Back Door Slam rejuvenate a British tradition
A guitar howls through the streets of downtown Chattanooga just as the sun begins to set, pealing out an elaborately improvised solo pasted onto the end of “Red House.” The six-stringer, Back Door Slam’s Davy Knowles, has his wah-wah pedal pushed way down to make his Strat sing at the slightest flick of his pick.
YOUNG GUNS: Back Door Slam have been at it since they were 16, and Davy Knowles confesses that they’ve even covered “Free Bird.”
Although plenty of bands have covered this Hendrix staple, Back Door Slam — who will open for Kid Rock and Lynyrd Skynyrd Saturday at the Comcast Center — are investing it with rare power and authority. Besides, the tune’s a perfect closer for the “Bike Night” street fair they’re playing, and Knowles’s notes bounce off nearly as many parked Harleys, BMWs, Indians, and other bikes as they do bricks.
“Red House” and “It’ll All Come Around” have become the favored epic closers for the hundreds of sets the rocking blues-inspired trio have played across America since the release of their debut, Roll Away (Blix Street), in June 2007. The disc rambles as much as the band and their cramped van have, criss-crossing from heavy electric blowouts like the Cream-y “Outside Woman Blues” to the acoustic title track to the shimmering romantic ballad “Too Good for Me” to the bonus cut “Real Man,” which blends the kind of pick-and-strum chitlin-circuit licks that Hendrix perfected with the melodicism of Robert Cray.
Roll Away — which was recently followed by the release of several live covers on iTunes including “Red House” and the Cray tune that gave the band their name — sounds like the work of musicians from the Deep South, guys who grew up drinking the same muddy water as the Allman Brothers and the Skynyrd boys. But Back Door Slam are actually the latest scions of a British lineage that goes back to the ’60s, when John Mayall’s Bluesbreakers, the Yardbirds, the Rolling Stones, Peter Green’s Fleetwood Mac, and a clutch of other groups squeezed the pulp of their American blues idols to produce a distinctive musical juice.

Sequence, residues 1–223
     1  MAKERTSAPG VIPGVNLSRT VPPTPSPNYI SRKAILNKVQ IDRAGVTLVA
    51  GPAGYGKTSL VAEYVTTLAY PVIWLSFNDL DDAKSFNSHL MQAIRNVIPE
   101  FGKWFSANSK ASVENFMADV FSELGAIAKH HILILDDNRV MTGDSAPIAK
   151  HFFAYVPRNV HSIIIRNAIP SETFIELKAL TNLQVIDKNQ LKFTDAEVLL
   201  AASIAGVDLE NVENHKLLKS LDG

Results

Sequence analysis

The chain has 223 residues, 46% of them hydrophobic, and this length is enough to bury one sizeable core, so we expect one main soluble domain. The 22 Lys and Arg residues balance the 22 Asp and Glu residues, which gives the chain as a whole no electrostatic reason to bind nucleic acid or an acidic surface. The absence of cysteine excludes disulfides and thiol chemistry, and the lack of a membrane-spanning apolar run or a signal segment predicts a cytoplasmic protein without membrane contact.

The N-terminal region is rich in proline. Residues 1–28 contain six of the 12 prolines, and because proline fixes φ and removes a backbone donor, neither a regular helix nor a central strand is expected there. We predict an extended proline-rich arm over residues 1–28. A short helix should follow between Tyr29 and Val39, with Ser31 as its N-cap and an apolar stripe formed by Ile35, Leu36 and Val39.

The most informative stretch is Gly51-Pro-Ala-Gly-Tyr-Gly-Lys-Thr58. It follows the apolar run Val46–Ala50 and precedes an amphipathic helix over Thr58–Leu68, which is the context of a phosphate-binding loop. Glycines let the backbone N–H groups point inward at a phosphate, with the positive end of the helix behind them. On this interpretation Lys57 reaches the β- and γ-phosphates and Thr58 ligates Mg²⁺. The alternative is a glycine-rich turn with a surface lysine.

“It’s not like we consider ourselves saviors or anything,” says Knowles, who is modest for a 21-year-old guitar monster with the voice and looks for pop stardom. “But if somebody hears us and then goes out and buys a Muddy Waters record, well, that’s fantastic.”
What’s also fantastic is the on-stage dynamism and tight-locked communication this trio of school chums and neighbors from the Isle of Man — a stone in the Irish Sea so small that everybody’s a neighbor — display in their thunderous performances. Nearly-22-year-old drummer Ross Doyle, 21-year-old bassist Adam Jones, and Knowles enjoy the kind of telepathy possessed only by musicians who learned to play their instruments together. They’ve been at it as a group, more or less, since they were 16, and Knowles confesses somewhat sheepishly that in an earlier incarnation they even covered “Free Bird” — so perhaps this Skynyrd pairing is a bizarre twist of fate.
: Music Features
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